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Thread: Gender Stereotyping
March 4th, 2013 11:42 AM #26Senior Member
- Join Date
- Aug 2012
Throwing in my two cents here. My mom dressed me in skirts, dresses, and lots of frills and pink when I was little. She loved it. When I was with my dad I was in hand me down onesies with cars and trucks on them from my cousins.
As I got older I still preferred boys' clothes. I had boys jeans, I didn't like having extra material hanging off my jeans from flare legs or the gems and studs on girls' boot cuts, so boys' boot cuts it was. I wore girls t-shirts but they were blue, yellow, purple. No pink, although my bedroom was pink (at my insistence). By the time I was 12 I was in girls' clothes at my mom's direction. I hated it. She threw out my monster truck shirts, my cargo shorts that held all the cool pine cones and stuff I found while I was climbing trees. I was devastated.
By 14 I had accepted wearing girls' pants (jeans and capris) but I wore boys' t-shirts because I was more comfortable in them because I didn't like how I looked. I was overweight because puberty didn't like me and I put on 50 lbs in three months. I went from 90lbs at 11 years old to 140 at 12.
As I'm typing this now I'm in guys' athletic pants and a guys' t-shirt. When I go on my interview tonight I'll be in girls' jeans (flares just not huge ones), because I love them and my favorite pink girls' t-shirt.
One reason my relationship is strained with my mom is because I don't like having pedicures and manicures, I don't wear short shorts because I still don't like how I look in them (you must wear short shorts to be girly), and I still despise when she tries to tell me to dress like a girl and in general get furious when we go shopping and I buy more capris, jeans and t-shirts. But if I buy low cut girls' shirts, which I do like and wear, all is forgiven.
My brother on the other hand wears purples and light baby blues and loves playing dolls with our younger cousins. She's fine with that. But me acting a bit masculine, not okay.
My SO's youngest brother is called a sissy because he loves Dora and playing with dolls, but mention football and he wants to play. I see nothing wrong with him, myself or my brother.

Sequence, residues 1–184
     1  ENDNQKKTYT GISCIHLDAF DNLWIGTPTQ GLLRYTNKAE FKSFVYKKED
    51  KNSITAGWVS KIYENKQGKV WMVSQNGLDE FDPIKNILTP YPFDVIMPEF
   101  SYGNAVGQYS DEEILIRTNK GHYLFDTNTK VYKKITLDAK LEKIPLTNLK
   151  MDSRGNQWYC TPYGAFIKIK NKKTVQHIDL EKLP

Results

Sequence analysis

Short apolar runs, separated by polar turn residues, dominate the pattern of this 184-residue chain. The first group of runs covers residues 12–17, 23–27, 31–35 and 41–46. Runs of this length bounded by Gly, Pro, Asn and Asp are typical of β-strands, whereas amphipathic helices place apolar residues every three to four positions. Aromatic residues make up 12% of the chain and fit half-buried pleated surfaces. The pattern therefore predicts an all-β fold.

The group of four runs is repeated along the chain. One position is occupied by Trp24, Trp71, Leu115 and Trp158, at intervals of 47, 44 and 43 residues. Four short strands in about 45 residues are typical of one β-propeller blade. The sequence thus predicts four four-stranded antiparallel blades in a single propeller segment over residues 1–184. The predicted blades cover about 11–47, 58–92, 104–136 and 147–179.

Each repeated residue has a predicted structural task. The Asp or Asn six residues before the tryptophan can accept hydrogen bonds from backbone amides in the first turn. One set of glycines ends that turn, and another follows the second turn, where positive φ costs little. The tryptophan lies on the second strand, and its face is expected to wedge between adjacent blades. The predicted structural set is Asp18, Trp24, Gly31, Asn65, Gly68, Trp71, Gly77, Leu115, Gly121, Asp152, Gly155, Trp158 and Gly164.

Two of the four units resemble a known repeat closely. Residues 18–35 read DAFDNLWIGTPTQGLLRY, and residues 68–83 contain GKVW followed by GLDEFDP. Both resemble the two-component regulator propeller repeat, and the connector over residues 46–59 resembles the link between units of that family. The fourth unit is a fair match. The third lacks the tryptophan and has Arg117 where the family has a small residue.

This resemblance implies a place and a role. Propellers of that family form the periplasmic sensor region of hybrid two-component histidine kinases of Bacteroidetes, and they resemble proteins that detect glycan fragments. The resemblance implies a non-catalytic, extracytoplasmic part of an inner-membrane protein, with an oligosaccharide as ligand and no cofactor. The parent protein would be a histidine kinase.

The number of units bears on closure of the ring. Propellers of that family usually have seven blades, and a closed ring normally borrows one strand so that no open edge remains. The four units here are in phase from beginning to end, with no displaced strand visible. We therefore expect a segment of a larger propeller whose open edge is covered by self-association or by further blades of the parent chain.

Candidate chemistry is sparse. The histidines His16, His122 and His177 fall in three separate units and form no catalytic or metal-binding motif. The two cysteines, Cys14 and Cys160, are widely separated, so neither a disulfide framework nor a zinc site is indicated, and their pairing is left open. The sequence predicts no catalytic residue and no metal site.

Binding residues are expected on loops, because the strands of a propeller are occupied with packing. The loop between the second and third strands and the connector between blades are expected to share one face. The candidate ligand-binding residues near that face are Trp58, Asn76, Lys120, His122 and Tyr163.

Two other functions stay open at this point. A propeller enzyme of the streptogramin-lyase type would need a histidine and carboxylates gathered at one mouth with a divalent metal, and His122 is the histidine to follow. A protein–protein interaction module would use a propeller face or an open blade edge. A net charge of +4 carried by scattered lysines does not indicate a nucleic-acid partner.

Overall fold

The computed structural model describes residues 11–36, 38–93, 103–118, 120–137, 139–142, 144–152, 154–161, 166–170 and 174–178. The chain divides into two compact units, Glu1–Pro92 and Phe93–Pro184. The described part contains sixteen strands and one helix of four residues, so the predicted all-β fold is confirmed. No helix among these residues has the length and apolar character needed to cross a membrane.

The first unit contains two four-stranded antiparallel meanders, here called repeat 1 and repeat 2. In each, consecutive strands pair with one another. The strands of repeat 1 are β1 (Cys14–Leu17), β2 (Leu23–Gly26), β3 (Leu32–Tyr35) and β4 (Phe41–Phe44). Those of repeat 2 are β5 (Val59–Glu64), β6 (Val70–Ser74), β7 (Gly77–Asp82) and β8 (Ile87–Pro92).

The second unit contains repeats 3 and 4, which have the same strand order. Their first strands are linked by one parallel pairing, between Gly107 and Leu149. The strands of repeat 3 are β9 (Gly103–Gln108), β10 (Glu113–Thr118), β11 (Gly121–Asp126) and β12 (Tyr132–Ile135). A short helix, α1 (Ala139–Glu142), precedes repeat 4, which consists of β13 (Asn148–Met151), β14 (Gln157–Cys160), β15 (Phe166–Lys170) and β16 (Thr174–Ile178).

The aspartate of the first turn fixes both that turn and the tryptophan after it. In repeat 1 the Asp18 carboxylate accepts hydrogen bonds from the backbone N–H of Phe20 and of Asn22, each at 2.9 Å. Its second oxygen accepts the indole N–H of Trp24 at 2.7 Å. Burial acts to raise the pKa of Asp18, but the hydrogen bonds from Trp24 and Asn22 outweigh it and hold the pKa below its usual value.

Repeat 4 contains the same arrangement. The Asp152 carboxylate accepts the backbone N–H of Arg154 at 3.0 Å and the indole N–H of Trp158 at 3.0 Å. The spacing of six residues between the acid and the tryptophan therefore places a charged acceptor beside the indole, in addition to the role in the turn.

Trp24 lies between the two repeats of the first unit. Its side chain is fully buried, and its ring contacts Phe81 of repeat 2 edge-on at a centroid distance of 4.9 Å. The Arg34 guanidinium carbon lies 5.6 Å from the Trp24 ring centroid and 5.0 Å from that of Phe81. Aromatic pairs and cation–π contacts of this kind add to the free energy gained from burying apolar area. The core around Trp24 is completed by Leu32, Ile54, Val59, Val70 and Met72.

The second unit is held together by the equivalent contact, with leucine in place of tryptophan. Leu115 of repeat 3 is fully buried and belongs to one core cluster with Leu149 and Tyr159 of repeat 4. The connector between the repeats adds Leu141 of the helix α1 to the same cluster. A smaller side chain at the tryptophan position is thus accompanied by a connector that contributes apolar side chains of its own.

Sorry that was long and rambling and didn't really answer anything but I figured I'd share from someone who had girlyness shoved on her and hated it.If I had a baby right now they'd be:
March 4th, 2013 11:57 AM #28
| Eloise & Matilda | Sylvie & Faye | Alice & Elliot |
| Jules & Ivan | Marigold & Juniper | Atlas & August | Marlowe & Cordelia |
| Dashiell & Roscoe | Simon & Wallace | Jane & Iris |
March 4th, 2013 12:14 PM #30
Wow, your neighbour is abominably rude to berate a guest about his/her gift choice in front of other guests! Everyone has the right to make decisions about what they allow in their own home, but a private conversation would suffice. There's no need to physically remove the gift at once unless it's dangerous to the child (like they gave Peanut M&Ms to a kid with nut allergies or something). That's a terrible example for the child of how to respond to an unwanted gift.
As a kid, I loved dresses and Barbie dolls, but also played with GI Joe toys and cars with my brother. I personally fall to the side of wanting my future kids to have options associated with either gender, but especially non-gendered toys like alphabet blocks and other things that stimulate imagination. I can't imagine not letting a little boy play with something because it's "girly"; however, I *can* imagine limiting certain toys in my home because of my own believes (toy guns being a big one), so I try hard not to judge others who do things I don't understand.
As to letting kids make their own choices, this may not come out right, but I do think that if kids are old enough to make decisions on what to wear, etc., we can also teach them that there may be consequences to their choices. I have a friend whose son (almost 6) loves pink and wants to wear nail polish. Sometimes he asks to wear nail polish to school, and she will tell him he can, but remind him that the last time he wore nail polish, the boys teased him. She feels that it's not fair to allow him to do something without warning him how others may react. He is old enough to decide whether he wants to wear nail polish enough to bear the teasing, and sometimes he does.Estella ~ Helena ~ Miriam ~ Beatrice ~ Anastasia ~ Ruby ~ Ivy ~ MarillaPaul ~ Wesley ~ Walter ~ Martin ~ Edmund ~ Fraser ~ Alexander